They disappeared as we began the last mile prior to the rapids.  Slowly, the sound grew louder and louder alerting us that the first of several class 2’s were near.  I stood up to read the river.  “It looks like we’re going to go right on this one but there’s a big rock right in the middle we’re going to have to dodge.”  Misti straightened up in her seat and reminded herself what to do if we flip “Hang onto my paddle.  Feet first.  Use your feet to bounce off of the rocks.”  I’d been telling her this since our very first canoeing adventure.

IMG_3115The current finally caught us and we started moving fast towards the rapids.  It pulled us a bit further right than I wanted.  “Paddle right.  Paddle right!”  We hit the chute (or “V”) just as I had hoped.  We were bouncing in high waves when Misti yells out “there’s the rock!”  “Paddle right!  Paddle right!”  We dodged the rock by inches and floated on through the remaining waves.  Misti was drenched and there was about eight inches of water in the bottom of the canoe.  She may have been nervous about the rapids but she handled them like an old pro.

It didn’t take long until we passed through the next class 2.  It was high waves but little danger.  I found the right path and knew that there were no major concerns.  At this point, I was so excited, I would have probably tried class 3’s and 4’s with that little Old Town Canoe.

As we approached the next rapid (which we thought was going to be the worst of them), I told Misti that she should get out and video this one.  She agreed so we eddied out of the current, got out of the boat and walked her to a good video and pick-up point past the rapid.  As I walked back up to the boat I studied the rapid carefully.  Maybe I was missing something but it didn’t seem to be a big deal – minor waves with only a few rocks high enough to snag me.  I started paddling towards it, stood up one last time to check my route, dropped to my knees and entered quickly.  It proved to be an easy rapid but was still quite enjoyable.

To see the video of this rapid, click here.


I don’t know who painted this rock. But it’s located in prime fishing waters.

Misti got back in the boat and we headed for the last two rapids.  The next rapid was another class 1 or 2 depending on how you looked at it.  We passed through with little to mention.  My plan was to offer Misti an opportunity to get out and video the last rapid (a solid class 2).  In truth, I was a little worried about dumping the canoe in this one and wanted to spare her the experience.  But the water was moving quickly and there was little to do but take it on head first.  “Get down on your knees and keep paddling.”  Misti and I both dropped to our knees on the bottom of the boat just before the bow reached the fast moving water.  The current was fast and the waves were huge!  As one of the larger waves crashed over the side of the canoe, Misti looked back at me with the look of “what the hell do we do now” all over her face.  “KEEP PADDLING!”  I yelled loud enough to be heard over the roaring of the river.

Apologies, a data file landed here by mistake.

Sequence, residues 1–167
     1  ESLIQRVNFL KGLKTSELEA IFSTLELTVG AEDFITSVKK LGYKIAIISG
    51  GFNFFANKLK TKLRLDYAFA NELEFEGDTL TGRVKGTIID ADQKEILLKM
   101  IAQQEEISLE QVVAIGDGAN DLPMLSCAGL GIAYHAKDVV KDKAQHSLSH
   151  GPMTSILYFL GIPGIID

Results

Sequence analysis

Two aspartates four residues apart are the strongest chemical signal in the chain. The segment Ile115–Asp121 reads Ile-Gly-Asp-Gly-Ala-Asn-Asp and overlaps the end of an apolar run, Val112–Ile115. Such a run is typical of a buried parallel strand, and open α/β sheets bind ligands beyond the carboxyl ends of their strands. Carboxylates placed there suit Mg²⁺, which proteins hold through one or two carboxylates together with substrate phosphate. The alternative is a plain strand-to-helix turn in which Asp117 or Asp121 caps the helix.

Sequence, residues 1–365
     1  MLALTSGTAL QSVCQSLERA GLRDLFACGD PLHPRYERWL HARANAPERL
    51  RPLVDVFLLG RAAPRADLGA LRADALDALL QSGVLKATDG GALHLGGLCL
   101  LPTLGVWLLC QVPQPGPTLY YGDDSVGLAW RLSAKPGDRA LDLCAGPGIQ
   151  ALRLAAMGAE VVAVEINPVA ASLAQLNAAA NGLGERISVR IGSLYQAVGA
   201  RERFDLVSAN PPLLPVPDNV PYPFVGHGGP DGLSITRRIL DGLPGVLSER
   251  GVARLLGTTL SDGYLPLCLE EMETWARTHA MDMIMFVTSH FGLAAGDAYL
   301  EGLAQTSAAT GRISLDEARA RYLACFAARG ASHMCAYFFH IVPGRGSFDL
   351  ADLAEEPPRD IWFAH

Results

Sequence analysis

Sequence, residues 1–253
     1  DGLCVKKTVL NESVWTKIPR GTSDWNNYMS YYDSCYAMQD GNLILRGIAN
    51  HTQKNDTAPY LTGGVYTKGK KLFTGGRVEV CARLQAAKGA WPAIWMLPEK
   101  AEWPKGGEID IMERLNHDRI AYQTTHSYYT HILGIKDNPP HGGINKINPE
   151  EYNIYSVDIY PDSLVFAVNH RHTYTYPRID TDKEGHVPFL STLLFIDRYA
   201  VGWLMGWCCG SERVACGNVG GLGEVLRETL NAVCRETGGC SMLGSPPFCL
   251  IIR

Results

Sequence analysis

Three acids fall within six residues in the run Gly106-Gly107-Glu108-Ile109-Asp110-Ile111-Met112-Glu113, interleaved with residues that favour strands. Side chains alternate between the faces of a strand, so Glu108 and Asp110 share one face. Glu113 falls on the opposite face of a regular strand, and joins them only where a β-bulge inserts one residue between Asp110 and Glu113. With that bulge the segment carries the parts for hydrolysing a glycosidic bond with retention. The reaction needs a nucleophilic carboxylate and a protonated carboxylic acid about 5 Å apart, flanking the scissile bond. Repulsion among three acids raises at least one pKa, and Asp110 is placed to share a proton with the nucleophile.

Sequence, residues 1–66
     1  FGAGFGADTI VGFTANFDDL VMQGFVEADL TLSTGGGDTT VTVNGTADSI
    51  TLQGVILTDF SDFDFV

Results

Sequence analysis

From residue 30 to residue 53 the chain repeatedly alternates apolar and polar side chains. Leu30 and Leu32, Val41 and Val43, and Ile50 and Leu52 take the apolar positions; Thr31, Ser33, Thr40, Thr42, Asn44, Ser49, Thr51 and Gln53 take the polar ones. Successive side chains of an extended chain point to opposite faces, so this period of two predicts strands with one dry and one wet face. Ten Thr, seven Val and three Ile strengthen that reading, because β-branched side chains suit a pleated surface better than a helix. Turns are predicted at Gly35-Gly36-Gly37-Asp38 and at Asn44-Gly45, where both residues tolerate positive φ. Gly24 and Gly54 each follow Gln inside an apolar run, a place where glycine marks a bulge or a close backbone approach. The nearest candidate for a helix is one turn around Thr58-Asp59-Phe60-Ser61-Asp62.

As we reached the last few waves, we were both smiling from ear to ear.  There was about eight inches of water in the canoe and we were both soaked but it was by far the most enjoyable moment of the entire day on the river.  Both of the other paddlers from earlier in the day were watching us from a rock at the campground.  I was so glad that we didn’t roll in front of them.  I could tell by talking to them that they were impressed.  “You read the river well!  That’s the way we should have come through those but we were way off from there.”  “Thanks a lot.”  They handed over the poles that they “saved” from getting dumped in the river and went back to enjoying a cold adult beverage.


We walked back to our campsite, changed out of our wet clothes and went up to the office to talk with the owners, Bob and Beverly.  We discussed and I told them that I’d like to do a profile on their campground.  They were great company and answered all of my questions for and about running a livery – I dream of running one someday.

IMG_3098As the campfire cracked and popped, our potatoes and onions slowly roasted in aluminum foil.  Misti and i briefly discussed our day.  The day and the entire anniversary outdoor adventure was a success.

As I busied myself doing something or another she asked me about getting scared in the rapids.  I told her that yeah, sometimes I get a little scared or worried.  “The New River pulled me under one time and seemed to keep me for nearly a minute.  I didn’t get back in for nearly a year.”  “What do you do about it?  How do you handle it?”  As I looked into her eyes, the eyes I’ve loved since I was thirteen years old, I smiled.  “When you love something so much, there’s nothing that can keep you away from it, no matter what.”  I guess in truth, I feel the same way about her.

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4 thoughts on “Canoeing the Greenbrier River (Day 2)

  1. Great post! I’ve had similar experiences in rapids. It can be nerve-wracking, but I agree. You can’t let trouble in rough water (or rough times) keep you from what you love!